Robert Huang, University of Southern California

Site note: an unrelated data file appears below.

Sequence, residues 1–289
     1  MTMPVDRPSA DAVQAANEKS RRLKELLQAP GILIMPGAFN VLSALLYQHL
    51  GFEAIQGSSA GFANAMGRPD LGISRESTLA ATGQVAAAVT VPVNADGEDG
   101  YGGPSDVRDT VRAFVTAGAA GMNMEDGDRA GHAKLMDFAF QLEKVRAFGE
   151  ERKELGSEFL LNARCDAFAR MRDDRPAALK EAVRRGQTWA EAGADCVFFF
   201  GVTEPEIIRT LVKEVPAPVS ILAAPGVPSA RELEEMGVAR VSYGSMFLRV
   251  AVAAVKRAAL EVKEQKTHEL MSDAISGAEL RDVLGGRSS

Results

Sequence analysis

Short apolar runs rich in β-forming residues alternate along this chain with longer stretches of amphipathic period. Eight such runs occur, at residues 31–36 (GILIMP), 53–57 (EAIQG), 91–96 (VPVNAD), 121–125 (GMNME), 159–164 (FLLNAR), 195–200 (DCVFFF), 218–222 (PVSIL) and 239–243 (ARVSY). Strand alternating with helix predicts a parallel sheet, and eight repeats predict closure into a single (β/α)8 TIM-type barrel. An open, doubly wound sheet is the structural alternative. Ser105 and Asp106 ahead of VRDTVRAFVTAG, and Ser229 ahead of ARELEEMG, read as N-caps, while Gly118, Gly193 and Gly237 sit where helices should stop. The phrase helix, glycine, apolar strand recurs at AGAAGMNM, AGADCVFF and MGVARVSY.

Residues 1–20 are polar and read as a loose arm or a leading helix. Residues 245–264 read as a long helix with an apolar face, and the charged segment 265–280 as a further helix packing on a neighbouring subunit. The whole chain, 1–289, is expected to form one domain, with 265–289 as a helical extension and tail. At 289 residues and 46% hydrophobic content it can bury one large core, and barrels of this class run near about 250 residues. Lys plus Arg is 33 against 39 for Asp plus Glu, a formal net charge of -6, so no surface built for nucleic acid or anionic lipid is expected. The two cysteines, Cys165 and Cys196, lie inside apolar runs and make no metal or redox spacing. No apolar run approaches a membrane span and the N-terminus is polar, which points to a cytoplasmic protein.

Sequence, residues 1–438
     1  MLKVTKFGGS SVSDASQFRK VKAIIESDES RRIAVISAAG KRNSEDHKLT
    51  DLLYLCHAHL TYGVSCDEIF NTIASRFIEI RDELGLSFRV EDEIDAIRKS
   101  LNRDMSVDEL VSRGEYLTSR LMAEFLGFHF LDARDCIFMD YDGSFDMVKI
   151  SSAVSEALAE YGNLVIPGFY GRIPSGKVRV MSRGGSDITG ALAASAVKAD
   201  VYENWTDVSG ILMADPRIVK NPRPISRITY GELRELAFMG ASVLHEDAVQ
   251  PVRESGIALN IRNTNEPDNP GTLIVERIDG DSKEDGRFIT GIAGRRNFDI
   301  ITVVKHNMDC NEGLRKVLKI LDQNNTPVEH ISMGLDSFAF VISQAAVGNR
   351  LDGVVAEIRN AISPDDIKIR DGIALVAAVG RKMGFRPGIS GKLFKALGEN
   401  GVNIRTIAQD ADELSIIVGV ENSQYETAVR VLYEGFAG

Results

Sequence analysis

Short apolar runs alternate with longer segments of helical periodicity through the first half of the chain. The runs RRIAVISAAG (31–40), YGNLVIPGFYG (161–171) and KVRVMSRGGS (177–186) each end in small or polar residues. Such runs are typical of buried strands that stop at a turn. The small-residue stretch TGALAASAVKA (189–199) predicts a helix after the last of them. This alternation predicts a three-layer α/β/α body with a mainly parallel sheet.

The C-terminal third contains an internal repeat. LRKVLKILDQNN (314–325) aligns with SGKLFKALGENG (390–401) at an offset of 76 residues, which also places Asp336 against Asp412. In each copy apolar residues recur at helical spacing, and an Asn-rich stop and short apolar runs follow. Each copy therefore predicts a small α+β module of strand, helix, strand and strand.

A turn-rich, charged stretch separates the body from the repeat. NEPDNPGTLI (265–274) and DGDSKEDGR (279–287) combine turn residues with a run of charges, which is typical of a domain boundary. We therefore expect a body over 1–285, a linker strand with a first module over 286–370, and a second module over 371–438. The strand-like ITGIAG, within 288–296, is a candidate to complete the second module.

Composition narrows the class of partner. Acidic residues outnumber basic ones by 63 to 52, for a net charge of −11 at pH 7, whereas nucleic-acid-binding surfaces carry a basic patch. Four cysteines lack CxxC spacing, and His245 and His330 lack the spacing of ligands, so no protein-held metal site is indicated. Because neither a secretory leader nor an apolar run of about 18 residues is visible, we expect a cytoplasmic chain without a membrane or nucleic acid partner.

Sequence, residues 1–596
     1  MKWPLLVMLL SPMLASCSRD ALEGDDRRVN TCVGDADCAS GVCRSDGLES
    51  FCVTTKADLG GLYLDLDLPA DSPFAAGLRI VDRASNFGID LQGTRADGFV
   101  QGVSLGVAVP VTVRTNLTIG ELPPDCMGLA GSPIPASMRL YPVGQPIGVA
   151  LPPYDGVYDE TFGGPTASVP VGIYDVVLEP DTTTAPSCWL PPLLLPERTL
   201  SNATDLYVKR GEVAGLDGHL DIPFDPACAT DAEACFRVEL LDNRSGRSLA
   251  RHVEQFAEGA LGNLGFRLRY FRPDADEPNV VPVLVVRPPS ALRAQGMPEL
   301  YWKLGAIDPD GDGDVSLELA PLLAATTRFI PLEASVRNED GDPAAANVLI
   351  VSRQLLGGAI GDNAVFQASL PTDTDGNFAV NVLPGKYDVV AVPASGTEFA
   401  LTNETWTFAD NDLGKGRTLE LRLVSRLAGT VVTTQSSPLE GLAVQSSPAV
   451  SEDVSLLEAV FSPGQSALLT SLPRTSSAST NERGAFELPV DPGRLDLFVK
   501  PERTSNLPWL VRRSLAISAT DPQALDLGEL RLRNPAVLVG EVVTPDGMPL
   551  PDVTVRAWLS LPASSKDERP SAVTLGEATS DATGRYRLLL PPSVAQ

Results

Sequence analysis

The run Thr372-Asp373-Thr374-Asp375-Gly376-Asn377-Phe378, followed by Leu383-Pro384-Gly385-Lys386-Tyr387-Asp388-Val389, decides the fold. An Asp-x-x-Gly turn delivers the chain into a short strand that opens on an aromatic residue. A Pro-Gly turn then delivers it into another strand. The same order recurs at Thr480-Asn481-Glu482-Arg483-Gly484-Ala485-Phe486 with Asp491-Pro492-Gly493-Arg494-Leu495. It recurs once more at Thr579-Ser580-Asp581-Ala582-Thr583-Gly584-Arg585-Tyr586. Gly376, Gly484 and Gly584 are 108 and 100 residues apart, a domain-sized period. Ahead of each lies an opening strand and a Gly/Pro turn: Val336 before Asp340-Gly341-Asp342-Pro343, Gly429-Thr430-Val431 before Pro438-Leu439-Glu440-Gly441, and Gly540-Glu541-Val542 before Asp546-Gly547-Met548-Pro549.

In the United States, the transportation sector contributes to 30% of the total emissions, 58% of which are produced by private passenger vehicles. One barrier of mass electric vehicle adoption is the lack of public chargers. Using a panel dataset on over 1800 Californian ZIP codes from 2010 to 2021, I employ a shift-share instrumental variable to estimate the EV demand elasticity with respect to chargers and the heterogenous treatment effects of public charger deployments. I document that a 1% increase in charger counts leads to a 0.7% to 1.1% increase in EV sales on average, with a larger increase in upper-middle income suburbs. I also use the difference-in-differences strategy to estimate the differential treatment effect of fast versus regular chargers. While PHEVs are incompatible with fast chargers, early deployments of fast chargers significantly boost BEV sales.
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